Blink and you’ll miss it on screen in The Empire Strikes Back! On a list of the 200 top vehicles in the Star Wars saga, it wouldn’t make last place. I’m embarrassed that there’s not even an entry for it in the 1.1 million word Complete Star Wars Encyclopedia, which I co-wrote. And yet now it’s sitting, in all its amazing full-size glory, in the carport at Rancho Obi-Wan.
The “it” goes by several names: Rebel Personnel Transport, Flight Crew Shuttle, or as the three incredible (and just a bit crazy) guys who built it call it, the Rebel Troop Carrier. You may have seen it on display, or even sat in it, in the R2 Builders Club room at Star Wars Celebration V in Orlando, Florida in 2010. This is its story.
R2 builders Daren Murrer and Cole Horton, both of whom lived in the Cincinnati, Ohio area, knew that the Builders Club was planning a Hoth motif for Celebration V, the 30th anniversary of Empire. “Daren and I were looking for a prop to build for the Echo Base-theme of the Droid room,” Cole says. “After watching Empire looking for ideas, I finally noticed a vehicle that had been hiding in plain sight: the Rebel troop carrier.”
Conceding that the carrier is one of the most obscure vehicles in Star Wars, Cole adds, “Many fans are surprised to learn that it makes multiple appearances around Echo Base in Empire, can been seen briefly in the Home One hangar in Return of the Jedi, and was even painted onto the box illustration for the Kenner Rebel Command Center Adventure Set. Princess Leia refers to this kind of vehicle with her line, ‘All troop carriers will assemble at the north entrance’ just before the Battle of Hoth. And now it can be seen in the latest incarnation of Star Tours at Disney theme parks, just before boarding the ride.”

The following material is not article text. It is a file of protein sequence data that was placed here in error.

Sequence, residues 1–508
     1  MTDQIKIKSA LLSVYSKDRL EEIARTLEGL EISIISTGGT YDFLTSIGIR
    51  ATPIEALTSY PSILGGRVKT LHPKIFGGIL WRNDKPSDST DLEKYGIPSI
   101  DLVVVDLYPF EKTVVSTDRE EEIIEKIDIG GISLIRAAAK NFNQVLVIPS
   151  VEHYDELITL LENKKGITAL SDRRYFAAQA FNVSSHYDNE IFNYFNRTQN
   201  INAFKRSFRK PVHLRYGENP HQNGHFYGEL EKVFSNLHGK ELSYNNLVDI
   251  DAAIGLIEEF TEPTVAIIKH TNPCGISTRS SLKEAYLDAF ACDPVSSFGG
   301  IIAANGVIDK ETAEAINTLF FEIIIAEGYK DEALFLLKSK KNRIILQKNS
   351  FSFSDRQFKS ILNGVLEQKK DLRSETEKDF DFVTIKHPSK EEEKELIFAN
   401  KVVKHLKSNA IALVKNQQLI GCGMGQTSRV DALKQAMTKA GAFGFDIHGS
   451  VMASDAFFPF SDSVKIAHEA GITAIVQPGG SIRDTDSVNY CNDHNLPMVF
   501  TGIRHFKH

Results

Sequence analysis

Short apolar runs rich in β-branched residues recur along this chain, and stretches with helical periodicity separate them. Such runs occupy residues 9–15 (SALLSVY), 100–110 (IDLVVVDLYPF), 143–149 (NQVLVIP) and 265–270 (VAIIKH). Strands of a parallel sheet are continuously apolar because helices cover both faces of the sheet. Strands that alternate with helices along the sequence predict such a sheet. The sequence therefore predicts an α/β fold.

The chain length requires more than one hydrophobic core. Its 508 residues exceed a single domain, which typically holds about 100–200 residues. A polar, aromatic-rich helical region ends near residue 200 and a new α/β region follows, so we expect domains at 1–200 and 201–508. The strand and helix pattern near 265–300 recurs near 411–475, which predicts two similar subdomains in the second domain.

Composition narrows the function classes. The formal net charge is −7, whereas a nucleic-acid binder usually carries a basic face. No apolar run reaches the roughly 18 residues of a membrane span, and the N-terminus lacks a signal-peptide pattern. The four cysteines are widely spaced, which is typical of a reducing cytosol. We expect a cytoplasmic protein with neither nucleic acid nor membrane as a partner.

Still, some fans might recognize it best because of a widely disseminated Empire publicity photo taken on the set with most of the main characters.
But without really good photos, sketches or blueprints, Daren and Cole knew they were taking on a big challenge — especially after they decided that the RTC had to actually move under its own power. They enlisted a third friend and R2 builder, artist Chris Reiff, who has worked on numerous Star Wars books.
The first item of business was to pick up a used Taylor-Dunn electric “personnel and burden carrier,” models of which are familiar sights around factories and airports. They are nonpolluting, operating off of six golf-cart batteries. They have a load capacity of about 5,000 pounds, a top speed of around eight MPH and can drive more than 20 miles without a recharge. The carrier itself is 10-feet long, but with the Star Wars modifications, it grew to 12 feet. It’s also 5-feet-wide, 4-feet-tall and weighs about 1,200 pounds, making it the largest single piece in the Rancho collection.
The builders used frame-grabs from Empire, figured out dimensions from those, and developed their own drawings and blueprints. They worked in their spare time for five months, starting by completely refurbishing the basic carrier and outfitting it with a lift system to clear obstacles (and help load and unload it from a carrier).